Nunatsiaq News
NEWS: Around the Arctic December 11, 2017 - 9:15 am

Norwegian cruise company plans Northwest Passage transit with hybrid vessel

In 2019, the MS Roald Amundsen will sail from Alaska to Greenland

JANE GEORGE
Here's an artist's rendition of the Hurtigruten's MS Roald Amundsen,  a new hybrid electric cruise ship—which the company calls “the world's greenest vessel.
Here's an artist's rendition of the Hurtigruten's MS Roald Amundsen, a new hybrid electric cruise ship—which the company calls “the world's greenest vessel." It will also be the first such vessel to transit the Northwest Passage in 2019. (PHOTO COURTESY OF HURTIGRUTEN)

The 250-metre-long Crystal Serenity, the largest passenger vessel to ever transit the Northwest Passage, first in 2016 and again in 2017, will not return to Canadian Arctic waters next year.

But there’s a new player on the horizon that promises more environmentally friendly cruises.

It’s Hurtigruten, the big Norwegian cruise, ferry and cargo operator. Founded in 1893 to operate voyages on Norway’s western and northern coast, the company has since spread south to offer cruises off Antarctica and now has its eye on the Northwest Passage.

“Honouring our explorer heritage, we are constantly seeking new waters to explore. With our new ships and new itineraries, Hurtigruten is setting a new global standard for exploration travel to the polar edges of the world—and to new frontiers,” said Hurtigruten chief executive Daniel Skjeldam in a recent release.

The company plans to launch its new hybrid electric ship, the 140-metre MS Roald Amundsen, which it calls “the world’s greenest vessel,” on a 2019 voyage from Alaska to Greenland through the Northwest Passage.

The ship is one of two now under order for Hurtigruten, the world’s first hybrid electric-diesel power cruise vessels.

That means the Roald Amundsen will also become the first electric-power cruise vessel to travel in the Northwest Passage.

It’s expected that the hybrid nature of Hurtigruten’s new vessels will reduce fuel consumption and greenhouse gas emissions by 20 per cent.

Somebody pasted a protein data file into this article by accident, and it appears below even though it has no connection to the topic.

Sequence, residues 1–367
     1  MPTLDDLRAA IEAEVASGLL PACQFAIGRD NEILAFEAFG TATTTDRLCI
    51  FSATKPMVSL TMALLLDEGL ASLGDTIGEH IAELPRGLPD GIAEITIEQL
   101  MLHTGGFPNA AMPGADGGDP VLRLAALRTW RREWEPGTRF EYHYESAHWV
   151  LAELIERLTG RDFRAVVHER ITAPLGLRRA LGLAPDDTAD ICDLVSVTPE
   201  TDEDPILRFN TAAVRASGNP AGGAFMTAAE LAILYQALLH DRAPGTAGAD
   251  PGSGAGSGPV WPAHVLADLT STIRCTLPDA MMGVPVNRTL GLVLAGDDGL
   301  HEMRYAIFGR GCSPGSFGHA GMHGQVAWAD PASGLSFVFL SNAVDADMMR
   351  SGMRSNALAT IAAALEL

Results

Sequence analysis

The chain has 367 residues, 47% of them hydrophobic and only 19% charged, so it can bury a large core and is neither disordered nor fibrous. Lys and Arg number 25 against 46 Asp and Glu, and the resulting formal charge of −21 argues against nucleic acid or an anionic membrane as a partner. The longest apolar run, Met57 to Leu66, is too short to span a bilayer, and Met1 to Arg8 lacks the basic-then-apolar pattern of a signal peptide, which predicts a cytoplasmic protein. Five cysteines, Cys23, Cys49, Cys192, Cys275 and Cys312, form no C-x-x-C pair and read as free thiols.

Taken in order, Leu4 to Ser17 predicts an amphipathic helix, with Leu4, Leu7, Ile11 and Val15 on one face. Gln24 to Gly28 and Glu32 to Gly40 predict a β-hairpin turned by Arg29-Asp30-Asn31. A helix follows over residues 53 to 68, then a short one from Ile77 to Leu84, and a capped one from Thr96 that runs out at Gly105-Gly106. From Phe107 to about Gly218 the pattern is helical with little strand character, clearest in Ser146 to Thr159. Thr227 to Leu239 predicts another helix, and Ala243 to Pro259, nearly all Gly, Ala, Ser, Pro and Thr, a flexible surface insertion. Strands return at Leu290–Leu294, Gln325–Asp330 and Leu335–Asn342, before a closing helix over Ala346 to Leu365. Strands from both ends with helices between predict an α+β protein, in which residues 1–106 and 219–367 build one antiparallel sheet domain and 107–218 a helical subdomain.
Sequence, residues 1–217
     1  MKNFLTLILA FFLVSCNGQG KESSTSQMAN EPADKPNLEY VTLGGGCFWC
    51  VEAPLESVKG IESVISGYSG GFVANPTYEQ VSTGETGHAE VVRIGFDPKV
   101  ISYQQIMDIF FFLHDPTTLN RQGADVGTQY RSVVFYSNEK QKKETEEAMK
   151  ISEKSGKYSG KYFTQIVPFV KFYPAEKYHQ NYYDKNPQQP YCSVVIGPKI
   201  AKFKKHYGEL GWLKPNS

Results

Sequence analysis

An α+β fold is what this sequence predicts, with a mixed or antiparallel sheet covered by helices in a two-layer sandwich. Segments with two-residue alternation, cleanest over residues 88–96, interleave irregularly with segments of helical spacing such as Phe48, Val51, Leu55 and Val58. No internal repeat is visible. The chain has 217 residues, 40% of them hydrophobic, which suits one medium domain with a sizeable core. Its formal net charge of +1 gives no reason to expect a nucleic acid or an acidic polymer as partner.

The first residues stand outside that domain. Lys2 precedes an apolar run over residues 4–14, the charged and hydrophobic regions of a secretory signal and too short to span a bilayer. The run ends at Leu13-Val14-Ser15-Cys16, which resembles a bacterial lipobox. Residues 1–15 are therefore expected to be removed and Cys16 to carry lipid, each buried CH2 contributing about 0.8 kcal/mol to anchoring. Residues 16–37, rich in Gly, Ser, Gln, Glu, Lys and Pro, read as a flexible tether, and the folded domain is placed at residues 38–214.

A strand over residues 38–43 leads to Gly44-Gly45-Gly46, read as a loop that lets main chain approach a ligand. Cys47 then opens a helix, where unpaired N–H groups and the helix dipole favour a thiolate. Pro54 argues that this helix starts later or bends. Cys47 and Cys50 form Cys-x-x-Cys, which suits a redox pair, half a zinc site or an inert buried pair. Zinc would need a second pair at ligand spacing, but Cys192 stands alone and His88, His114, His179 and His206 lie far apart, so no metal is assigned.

And they will be able to sail with solely electric propulsion for up to 30 minutes, to allow for “absolutely silent cruising in sensitive areas,” Hurtigruten says.

“Sailing on electrical power is not only a great benefit for the environment, but it will also enhance the impact of experiencing nature for the guests,” says information on the Hurtigruten website.

“The ship will be specially constructed for voyages in polar waters and serve as a comfortable base camp at sea—bringing adventurers from all over the world to the most spectacular destinations in the most sustainable way.”

Hurtigruten’s entry into the Northwest Passage cruise market will already mean more activity for Cambridge Bay in 2018.

That’s because for Hurtigruten’s Northwest Passage cruises in 2018, the 300 or so passengers booked on the 114-metre MS Fram will arrive in Cambridge Bay Sept. 9 as another group leaves from Cambridge Bay for Montreal.

Other stops on the 2018 Hurtigruten Northwest Passage cruises include Gjoa Haven, Fort Ross, Beechey Island, Dundas Harbour and Pond Inlet, and then, in Greenland, Ilullissat, Sisimiut and Kangerlussuaq.

The 10-year-old ship, named after the Fram—sailed by Norwegian mariner and explorer Fridtjof Nansen, has a capacity of 318 passengers, who will pay roughly $15,000 and upward for the experience.

In 2019, Hurtigruten again plans to sail through the passage, also with the Fram.

For its 2018 transits, the cruise company should file a proposal with the Nunavut Impact Review Board as a tourism project, but, like the Crystal Serenity, it’s unlikely that its planned Northwest Passage transits would be obliged to undergo full environmental assessments.

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